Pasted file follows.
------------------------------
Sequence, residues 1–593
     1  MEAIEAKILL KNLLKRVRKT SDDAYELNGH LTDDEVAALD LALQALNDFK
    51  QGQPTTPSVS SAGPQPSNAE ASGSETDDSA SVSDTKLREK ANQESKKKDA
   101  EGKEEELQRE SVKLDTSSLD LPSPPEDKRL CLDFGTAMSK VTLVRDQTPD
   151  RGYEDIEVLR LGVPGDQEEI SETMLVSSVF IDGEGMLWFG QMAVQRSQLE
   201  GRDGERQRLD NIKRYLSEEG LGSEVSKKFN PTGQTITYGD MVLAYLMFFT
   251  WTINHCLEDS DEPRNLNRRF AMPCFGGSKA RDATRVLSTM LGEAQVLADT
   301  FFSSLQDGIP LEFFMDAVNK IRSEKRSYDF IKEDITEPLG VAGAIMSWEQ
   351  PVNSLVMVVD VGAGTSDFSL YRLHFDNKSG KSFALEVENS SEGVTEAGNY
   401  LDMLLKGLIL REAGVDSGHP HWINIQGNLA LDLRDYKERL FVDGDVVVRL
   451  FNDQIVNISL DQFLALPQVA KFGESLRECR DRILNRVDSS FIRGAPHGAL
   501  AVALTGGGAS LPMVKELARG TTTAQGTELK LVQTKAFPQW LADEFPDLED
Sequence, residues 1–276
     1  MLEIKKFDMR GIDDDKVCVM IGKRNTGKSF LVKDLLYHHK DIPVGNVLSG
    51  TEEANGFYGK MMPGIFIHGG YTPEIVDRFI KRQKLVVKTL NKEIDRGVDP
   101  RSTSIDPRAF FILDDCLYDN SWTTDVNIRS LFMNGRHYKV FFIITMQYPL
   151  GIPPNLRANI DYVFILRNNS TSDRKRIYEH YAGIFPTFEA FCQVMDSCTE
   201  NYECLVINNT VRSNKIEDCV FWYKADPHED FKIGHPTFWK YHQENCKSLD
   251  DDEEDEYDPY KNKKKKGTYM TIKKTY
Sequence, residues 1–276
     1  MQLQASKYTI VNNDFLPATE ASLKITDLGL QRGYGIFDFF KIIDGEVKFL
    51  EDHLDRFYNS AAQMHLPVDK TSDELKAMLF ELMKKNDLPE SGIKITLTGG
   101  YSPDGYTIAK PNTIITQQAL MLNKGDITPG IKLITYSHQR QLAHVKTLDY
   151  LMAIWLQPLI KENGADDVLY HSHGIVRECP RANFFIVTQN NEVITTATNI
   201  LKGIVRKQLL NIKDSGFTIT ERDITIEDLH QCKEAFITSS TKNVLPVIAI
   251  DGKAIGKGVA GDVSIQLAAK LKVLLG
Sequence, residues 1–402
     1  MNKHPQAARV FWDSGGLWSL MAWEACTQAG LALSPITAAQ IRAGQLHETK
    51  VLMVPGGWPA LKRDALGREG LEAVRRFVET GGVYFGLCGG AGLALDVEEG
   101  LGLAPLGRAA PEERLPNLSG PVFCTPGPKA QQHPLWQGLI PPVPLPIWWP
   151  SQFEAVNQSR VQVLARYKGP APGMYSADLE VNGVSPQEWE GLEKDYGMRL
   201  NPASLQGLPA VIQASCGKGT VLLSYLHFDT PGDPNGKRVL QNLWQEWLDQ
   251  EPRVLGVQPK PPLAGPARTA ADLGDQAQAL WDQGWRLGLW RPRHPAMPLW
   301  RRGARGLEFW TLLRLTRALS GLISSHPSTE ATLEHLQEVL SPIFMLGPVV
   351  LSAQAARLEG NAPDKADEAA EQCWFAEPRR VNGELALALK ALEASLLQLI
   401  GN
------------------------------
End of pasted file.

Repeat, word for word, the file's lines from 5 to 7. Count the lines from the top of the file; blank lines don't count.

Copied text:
   151  RGYEDIEVLR LGVPGDQEEI SETMLVSSVF IDGEGMLWFG QMAVQRSQLE
   201  GRDGERQRLD NIKRYLSEEG LGSEVSKKFN PTGQTITYGD MVLAYLMFFT
   251  WTINHCLEDS DEPRNLNRRF AMPCFGGSKA RDATRVLSTM LGEAQVLADT